We're transitioning here.  I'm going to back to work.  Sweet Girl is going back to (a new) school and because I'm going back to work, Little Man will be going to day care.  It's exciting and terrifying.  There are so many unknowns to this equation that I can't even begin to properly address them with Sweet Girl.  And though I talk to Little Man about his "school," he's two years old and nothing is concrete until it happens.  Repeatedly.  The good news is that they will be going to the school where I will be teaching.  Well, Little Man will be in the building next door.  Close enough.  The uncertain news is that it is a private school and does not have a specific special education program.  This could be ugly.  This could be great.  This could be somewhere in between.  The only certain part of this adventure is that it will be an adventure.

The disadvantage to taking Sweet Girl to a private school with no special education program is that she may not get what she needs to help her grow; cognitively, socially, emotionally.  She may get so far into her world in an effort to mitigate her anxieties, that she loses a year of education.  In the public school where we originally planned for her to attend, there were stop-gaps in place to ensure that didn't happen.  There were teachers there who have training to help them understand how best to teach my girl, and the increasing number of students who are not so neuro-typical.  She would receive services because it's a federal law that she does.  That law does not apply to private schools.  I do not doubt the qualifications of the teachers at this school (might be a little hypocritical considering that I am now one of those teachers).  I do not doubt that they will want to help Sweet Girl.  I do not doubt that they will try.  I do not doubt that my girl is herself perfectly.  I doubt that the world is not ready for her yet.  And I can not change the world between now and September 4th when I will help her dress in her new uniform, pack up Little Man, gird my loins, and start a new chapter for all of us.

I've spent five years knowing this girl. Holding her, rocking her, comforting her, translating for her, worrying over her, delighting in her, crying for and with her, pushing her, loving her: I've spent five years with her and I think I know her better than anyone else.  I have watched her struggle mightily.  What comes so easily to most were mountains to her.  Hugs and touches were eschewed because they were too much.  Words were the cause of so many frustrated cries.  Relationships with loving people were slow because there was too much unknown in interacting with others.  The world is harder for her on a basic level.  She has struggled mightily, but she has progressed so much.  She is happy to say hello and goodbye to strangers.  She loves to be tickled and hugged and kissed.  She is at ease with her family - from her little brother to her great-grandparents.  She's climbed over mountains and started up new ones.  I see her and I see those things.  I see how she is a force of nature.  I see how she has become my definition of courage.  I see all the things she is capable of doing...becoming.  I see her.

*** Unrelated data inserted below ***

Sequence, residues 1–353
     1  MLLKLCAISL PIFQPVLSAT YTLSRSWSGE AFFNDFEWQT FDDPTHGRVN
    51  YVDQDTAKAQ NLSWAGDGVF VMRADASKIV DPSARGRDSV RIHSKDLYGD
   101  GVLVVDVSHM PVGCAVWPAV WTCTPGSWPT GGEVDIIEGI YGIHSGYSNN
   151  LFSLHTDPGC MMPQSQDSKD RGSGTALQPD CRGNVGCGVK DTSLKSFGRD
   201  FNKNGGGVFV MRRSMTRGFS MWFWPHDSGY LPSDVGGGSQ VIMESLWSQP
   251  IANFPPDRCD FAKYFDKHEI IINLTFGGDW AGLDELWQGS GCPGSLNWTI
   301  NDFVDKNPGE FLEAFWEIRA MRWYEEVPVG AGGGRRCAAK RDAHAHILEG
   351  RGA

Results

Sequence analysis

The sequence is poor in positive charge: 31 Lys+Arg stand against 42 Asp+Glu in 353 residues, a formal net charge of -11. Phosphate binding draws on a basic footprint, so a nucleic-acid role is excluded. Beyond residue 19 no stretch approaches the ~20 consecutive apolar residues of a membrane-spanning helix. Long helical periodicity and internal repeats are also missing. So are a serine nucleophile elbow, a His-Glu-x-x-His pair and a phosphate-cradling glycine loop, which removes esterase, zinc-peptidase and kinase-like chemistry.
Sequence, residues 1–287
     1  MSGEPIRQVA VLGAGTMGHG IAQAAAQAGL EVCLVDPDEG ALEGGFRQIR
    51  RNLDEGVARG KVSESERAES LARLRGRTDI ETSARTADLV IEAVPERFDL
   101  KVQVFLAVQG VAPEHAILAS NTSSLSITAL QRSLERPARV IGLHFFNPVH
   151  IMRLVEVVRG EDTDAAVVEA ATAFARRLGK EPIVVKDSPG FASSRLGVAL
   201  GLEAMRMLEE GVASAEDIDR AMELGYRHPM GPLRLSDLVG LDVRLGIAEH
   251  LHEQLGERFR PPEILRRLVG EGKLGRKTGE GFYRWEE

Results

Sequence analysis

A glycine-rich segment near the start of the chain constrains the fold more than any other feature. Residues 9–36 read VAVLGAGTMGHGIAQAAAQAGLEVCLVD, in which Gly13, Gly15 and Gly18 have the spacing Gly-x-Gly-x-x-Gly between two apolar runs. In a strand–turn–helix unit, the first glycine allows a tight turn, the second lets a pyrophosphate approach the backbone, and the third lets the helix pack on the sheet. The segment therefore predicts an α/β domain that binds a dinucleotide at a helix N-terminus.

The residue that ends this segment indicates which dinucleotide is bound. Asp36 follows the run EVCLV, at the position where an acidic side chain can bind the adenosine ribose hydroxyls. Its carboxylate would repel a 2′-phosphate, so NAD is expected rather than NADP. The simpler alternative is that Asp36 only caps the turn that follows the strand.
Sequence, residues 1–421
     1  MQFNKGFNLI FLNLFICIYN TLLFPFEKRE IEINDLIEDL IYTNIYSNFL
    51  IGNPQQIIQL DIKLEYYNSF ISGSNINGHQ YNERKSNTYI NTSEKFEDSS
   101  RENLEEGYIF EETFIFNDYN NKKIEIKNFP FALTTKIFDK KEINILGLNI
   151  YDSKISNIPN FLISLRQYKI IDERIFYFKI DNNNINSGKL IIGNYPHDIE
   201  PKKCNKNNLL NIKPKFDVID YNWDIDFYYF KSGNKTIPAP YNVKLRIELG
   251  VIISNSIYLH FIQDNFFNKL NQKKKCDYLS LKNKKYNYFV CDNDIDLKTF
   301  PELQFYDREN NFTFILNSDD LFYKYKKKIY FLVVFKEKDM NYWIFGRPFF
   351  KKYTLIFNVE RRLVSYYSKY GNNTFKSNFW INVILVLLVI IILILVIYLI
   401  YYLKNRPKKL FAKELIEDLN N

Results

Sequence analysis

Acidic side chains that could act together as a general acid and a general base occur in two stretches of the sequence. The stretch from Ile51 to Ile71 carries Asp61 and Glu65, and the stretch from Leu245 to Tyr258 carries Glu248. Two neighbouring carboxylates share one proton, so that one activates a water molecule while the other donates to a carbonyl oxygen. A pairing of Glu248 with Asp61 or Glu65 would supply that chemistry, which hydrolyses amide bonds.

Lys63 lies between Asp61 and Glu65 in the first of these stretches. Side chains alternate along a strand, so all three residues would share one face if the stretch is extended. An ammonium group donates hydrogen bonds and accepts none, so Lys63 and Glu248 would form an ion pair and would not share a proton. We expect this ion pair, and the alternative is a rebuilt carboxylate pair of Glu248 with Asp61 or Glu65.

But I am not blind to the rest of the world.  I see how she is not typical.  I see how she doesn't fit in.  Recently I've read two things that I doubt I'll ever forget.  One was a lovely and sad post on The Lone Woman Diaries (she's a wonderful-soon to be published-writer and fabulous mother to five boys) talking about a baby blue jay.  Megan talked about worrying over the bird because it was clear that it was not developing normally.  The bird did not live long: it was not compatible with this world in a way.  It was a reminder of what I'm fighting to give Sweet Girl.  The tools to survive in this world.  The other was part of Louis C.K.'s (oldish) interview with Conan O'Brien, discussing how we've all come to take amazing things for granted.  He talks about cell phones but what I really enjoyed was his take on flying.  Maybe because I just sat next to some LOUD complainers on a flight from Reno to Baltimore, or maybe because it reminded me of my girl.  Here's some of what Louis C.K. had to say (find a video and a transcript here):

"Flying is the worst one because people come back from flights and they tell you their story and it's like a horror story...  They're like it was the worst day of my life. First of all we didn't board for 20 minutes and then we get on the plane and they made us sit there on the runway for 40 minutes. We had to sit there. Oh really, what happened next? Did you fly through the air incredibly like a bird? Did you partake in the miracle of human flight, you non-contributing zero? Wow, you're flying! It's amazing! Everybody on every plane should just constantly be going, oh my God, wow you're flying, you're, you're sitting in a chair in the sky... You know, here's the thing. People like they say there's delays on flights (yeah) delays really New York to California in 5 hours. That used to take 30 years to do that and a bunch of you would die on the way there and have a baby. You'd be with a whole different group of people by the time you got there. Now you watch a movie you take a dump and you're home."